What do you hope the RYR-1 Foundation will achieve in 2017

As mentioned above, we have committed a large sum of money to research grants related to RYR-1-related diseases; we look forward to reviewing the results of these ongoing research projects. In addition, we hope to increase the size of our patient registry. Other goals include improving our outreach to individuals, families, researchers and physicians. We also have begun planning for the 2018 RYR-1 International Family Conference.

Our motto, ‘Strength in Numbers’, reminds us that any success we achieve will be dependent on not only the leadership and staff of the RYR-1 Foundation but also our many generous donors, volunteers, affected individuals, physicians, and researchers. As a non-profit public charity, we immensely appreciate your support.

Titin mutations cause centronuclear myopathy

This story first appeared in the Information Point newsletter Our World in 2013, when Sarah Foye, Lindsay Swanson, MS, CGC and Elizabeth Torosian told the The Information Point about the discovery that mutations in the Titin (TTN) gene can cause centronuclear myopathy.

As you may know, the congenital myopathies are a group of inherited disorders (passed down from parent to child) that affect the structure of muscles. The class of myopathies known as centronuclear myopathy (CNM) have historically been named due to the muscle cells appearance under the microscope. The nuclei of muscle cells affected by CNM tend to be found in the center of the cell, unlike in healthy muscles where the nucleus is found on the edge of the cell. These internalized nuclei are what give CNM it’s name, but there are several genes known to cause various forms of CNM. These genes are MTM1, DNM2, RYR1, BIN1 and TTN however some genes still remain unknown.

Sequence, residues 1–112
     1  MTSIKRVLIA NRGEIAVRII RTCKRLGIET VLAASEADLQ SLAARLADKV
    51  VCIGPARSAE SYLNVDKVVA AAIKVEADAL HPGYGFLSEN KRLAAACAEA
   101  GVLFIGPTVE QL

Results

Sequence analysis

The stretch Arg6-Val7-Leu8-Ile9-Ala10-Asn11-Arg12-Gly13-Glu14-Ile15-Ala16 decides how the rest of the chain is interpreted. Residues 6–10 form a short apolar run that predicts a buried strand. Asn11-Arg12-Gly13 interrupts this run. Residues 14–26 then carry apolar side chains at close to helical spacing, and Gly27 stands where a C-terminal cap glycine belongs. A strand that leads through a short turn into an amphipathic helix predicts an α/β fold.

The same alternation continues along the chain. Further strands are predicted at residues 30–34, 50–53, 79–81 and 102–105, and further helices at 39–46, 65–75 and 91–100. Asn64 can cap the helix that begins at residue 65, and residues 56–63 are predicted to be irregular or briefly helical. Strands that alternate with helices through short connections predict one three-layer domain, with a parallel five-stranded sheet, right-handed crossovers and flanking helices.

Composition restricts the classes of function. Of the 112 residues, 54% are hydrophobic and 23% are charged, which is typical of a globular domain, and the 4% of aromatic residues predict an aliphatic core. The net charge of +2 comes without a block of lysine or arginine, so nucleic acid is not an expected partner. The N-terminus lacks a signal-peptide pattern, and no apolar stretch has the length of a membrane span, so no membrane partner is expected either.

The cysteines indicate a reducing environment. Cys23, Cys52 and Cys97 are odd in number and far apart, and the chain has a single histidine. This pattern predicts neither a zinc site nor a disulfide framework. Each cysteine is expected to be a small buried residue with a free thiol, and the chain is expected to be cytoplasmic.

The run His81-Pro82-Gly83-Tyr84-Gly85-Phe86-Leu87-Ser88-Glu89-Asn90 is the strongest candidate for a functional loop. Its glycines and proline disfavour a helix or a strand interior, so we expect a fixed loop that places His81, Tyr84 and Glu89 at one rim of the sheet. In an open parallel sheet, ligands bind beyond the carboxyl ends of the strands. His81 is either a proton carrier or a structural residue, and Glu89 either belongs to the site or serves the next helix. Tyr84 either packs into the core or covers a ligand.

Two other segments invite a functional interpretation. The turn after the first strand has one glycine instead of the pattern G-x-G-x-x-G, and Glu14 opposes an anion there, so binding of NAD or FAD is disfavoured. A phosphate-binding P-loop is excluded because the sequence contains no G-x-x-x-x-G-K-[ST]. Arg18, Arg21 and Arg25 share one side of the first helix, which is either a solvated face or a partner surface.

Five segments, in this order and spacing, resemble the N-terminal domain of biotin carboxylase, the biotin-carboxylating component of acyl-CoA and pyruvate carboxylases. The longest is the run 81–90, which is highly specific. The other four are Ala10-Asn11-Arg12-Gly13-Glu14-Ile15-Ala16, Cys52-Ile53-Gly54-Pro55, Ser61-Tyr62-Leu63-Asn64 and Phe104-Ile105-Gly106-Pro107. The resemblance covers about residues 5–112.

New gene discoveries are taking place as muscle disorder researchers learn more about CNM and more technologies become available. One new technology being utilized in the research lab of Dr Alan Beggs includes whole exome sequencing (WES) and whole genome sequencing (WGS). These new technologies, which can be less expensive than traditional genetic sequencing, allow researchers to look at larger chunks of the human genetic code.

Using this technology, the Beggs Lab, along with a group of collaborators, discovered that mutations in the Titin (TTN) gene can cause CNM. Titin, the largest known protein in the human body, is coded by the TTN gene. It is a structural protein that acts as a molecular spring within the muscle cell, as seen in the drawing to the right. Although Titin has long been known to be a structural protein within the muscle cell, examination of the gene TTN has been limited due to it’s gigantic size. However, the use of new genetic testing methods like WES and WGS have allowed researchers to understand more about Titin and the TTN gene. You can read more about this in the article below.

Beggs et al, used the new genetic testing methods to screen a group of subjects who were diagnosed with CNM by muscle biopsy but tested negative for mutations in all genes known to cause CNM. Through this process, they identified that TTN mutations were likely the genetic cause in five individuals with CNM. You can read more about this in the article below: